Elderly patients undergoing valve surgery alone or valve surgery with coronary artery bypass grafting were significantly older than patients undergoing coronary artery bypass grafting alone (mean age 74 (3.7), p < 0.001). Valve surgery consisted of aortic valve replacement in the majority of cases, with a much smaller number of procedures involving the mitral valve (table 3). Calcific aortic valvar stenosis was by far the most common indication for valve surgery, and accounted for 135 cases (61.4%).

Table 3

Valve procedures in patients ⩾ 70 years old

Mechanical prosthetic valves were used in 64% of cases. All 49 mitral valve replacements were mechanical. Of 175 aortic valve replacements, 94 (53.7%) were mechanical although a higher proportion of biological valves was used where the aortic valve was replaced, without coronary artery bypass grafting, for aortic stenosis (29 of 47 cases). This represented the oldest group of patients in the study (mean age 75.1 (4.1) years); the development of restenosis or valvar incompetence was thought less likely to become a clinical problem and avoidance of long term anticoagulation was considered desirable.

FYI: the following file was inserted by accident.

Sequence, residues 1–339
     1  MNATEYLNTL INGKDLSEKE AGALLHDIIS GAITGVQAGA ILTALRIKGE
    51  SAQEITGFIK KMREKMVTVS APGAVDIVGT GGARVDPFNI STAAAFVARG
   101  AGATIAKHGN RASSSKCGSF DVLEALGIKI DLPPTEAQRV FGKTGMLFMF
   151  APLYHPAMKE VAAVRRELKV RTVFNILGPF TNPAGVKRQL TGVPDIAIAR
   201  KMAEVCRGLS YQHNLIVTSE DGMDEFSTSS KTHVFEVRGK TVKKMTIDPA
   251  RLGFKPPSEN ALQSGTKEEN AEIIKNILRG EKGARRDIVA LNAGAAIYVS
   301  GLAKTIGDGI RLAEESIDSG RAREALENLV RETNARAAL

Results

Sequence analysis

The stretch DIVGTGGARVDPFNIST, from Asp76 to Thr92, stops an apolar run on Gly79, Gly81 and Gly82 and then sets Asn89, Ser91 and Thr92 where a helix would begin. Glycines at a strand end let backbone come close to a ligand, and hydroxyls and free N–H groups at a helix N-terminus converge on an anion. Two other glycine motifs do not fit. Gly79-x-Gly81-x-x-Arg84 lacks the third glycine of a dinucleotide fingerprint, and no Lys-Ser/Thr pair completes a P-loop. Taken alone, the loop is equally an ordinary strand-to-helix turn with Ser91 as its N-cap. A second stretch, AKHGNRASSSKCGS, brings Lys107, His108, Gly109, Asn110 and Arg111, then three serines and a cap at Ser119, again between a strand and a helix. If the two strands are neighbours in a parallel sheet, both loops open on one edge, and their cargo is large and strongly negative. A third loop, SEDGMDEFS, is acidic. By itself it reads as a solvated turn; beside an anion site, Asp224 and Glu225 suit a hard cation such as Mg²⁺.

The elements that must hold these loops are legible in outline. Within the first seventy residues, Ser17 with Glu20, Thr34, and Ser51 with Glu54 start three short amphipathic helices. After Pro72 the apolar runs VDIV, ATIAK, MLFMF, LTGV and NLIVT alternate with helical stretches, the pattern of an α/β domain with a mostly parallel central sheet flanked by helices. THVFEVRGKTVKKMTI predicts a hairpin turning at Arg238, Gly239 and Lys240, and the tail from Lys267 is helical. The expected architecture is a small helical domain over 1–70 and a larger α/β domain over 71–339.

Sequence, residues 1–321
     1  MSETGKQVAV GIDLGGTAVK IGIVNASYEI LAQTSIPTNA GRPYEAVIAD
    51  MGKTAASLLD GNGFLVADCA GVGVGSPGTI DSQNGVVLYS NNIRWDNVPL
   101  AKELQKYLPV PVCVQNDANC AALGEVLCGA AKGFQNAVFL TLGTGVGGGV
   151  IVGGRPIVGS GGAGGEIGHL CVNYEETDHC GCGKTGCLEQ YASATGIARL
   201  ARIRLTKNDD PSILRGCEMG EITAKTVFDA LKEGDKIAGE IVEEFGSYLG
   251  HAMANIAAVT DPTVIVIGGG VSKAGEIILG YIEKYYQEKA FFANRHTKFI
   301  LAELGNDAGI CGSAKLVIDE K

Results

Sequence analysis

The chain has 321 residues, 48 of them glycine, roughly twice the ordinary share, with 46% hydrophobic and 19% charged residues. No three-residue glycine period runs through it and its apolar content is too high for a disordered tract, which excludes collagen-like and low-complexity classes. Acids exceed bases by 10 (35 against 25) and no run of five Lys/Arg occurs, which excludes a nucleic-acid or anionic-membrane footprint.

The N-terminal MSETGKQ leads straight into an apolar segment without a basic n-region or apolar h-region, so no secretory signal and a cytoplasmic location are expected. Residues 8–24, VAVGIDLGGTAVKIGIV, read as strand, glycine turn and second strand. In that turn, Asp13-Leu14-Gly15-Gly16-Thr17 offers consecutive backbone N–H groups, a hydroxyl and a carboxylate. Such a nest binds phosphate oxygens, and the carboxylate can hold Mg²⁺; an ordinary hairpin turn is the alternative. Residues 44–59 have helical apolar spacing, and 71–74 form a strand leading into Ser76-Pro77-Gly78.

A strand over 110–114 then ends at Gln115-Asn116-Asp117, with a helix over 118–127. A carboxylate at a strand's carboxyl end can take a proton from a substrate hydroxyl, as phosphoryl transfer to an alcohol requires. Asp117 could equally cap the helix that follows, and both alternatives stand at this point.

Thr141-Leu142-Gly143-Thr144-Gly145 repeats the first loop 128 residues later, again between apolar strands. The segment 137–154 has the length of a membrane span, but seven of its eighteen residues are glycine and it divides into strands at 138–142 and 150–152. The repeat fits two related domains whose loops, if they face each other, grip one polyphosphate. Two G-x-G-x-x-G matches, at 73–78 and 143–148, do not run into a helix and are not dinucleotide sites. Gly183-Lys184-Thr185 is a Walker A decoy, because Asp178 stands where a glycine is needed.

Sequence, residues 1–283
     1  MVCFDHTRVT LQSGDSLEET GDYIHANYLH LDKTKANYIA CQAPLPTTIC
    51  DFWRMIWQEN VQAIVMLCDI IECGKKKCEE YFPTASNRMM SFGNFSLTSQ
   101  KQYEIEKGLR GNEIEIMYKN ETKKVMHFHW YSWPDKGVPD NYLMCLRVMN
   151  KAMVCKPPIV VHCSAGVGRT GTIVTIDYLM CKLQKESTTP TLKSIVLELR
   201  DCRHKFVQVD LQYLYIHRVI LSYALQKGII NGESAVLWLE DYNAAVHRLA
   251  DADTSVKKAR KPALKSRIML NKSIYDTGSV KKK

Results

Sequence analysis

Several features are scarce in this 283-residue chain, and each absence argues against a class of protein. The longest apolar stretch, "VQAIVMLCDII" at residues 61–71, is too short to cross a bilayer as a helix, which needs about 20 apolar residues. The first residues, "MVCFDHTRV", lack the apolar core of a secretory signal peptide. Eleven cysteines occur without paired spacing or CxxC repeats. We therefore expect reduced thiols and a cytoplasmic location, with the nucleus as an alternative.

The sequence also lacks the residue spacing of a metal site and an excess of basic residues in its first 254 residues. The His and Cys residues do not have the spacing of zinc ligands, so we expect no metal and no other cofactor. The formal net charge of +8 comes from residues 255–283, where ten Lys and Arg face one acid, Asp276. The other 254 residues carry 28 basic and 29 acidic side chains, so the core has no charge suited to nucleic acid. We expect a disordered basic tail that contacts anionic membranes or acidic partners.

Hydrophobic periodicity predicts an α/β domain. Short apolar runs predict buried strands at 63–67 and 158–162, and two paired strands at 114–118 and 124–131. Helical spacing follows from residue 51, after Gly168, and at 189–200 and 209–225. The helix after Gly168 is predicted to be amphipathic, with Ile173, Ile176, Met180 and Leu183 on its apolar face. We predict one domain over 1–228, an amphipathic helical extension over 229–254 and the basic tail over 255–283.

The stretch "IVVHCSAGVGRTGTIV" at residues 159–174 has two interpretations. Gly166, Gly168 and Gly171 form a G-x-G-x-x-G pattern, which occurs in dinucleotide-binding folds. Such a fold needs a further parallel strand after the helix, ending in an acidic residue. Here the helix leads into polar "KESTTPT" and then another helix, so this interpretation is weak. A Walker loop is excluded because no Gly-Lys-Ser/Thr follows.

The 30 day mortality in patients ⩾ 70 years was 6.8%, compared with 2.5% for younger patients (p < 0.0001) (table 4). For coronary artery bypass grafting alone the mortality rate was 5.3% when no arterial conduits were used, 3.5% when LIMA only was used, and 3.7% when BIMA grafting was used (p = NS). The risk of isolated aortic valve replacement for aortic stenosis (4.3%) was not significantly greater than the risk of uncomplicated coronary artery bypass grafting (3.9%). Additional coronary artery bypass grafting increased the risk (7.3%), although this did not reach significance. Although the number of mitral valve replacements in the elderly was small, a trend towards an increased mortality compared with comparable aortic valve procedures is evident (table 3). The most common cause of death was cardiogenic shock (19 deaths), followed by sepsis (three), cardiac arrest (three), bleeding (three), stroke (two), multiorgan failure (two), and acute respiratory distress syndrome (two). There were single instances of death from pulmonary embolism, systemic embolism, and coronary embolism.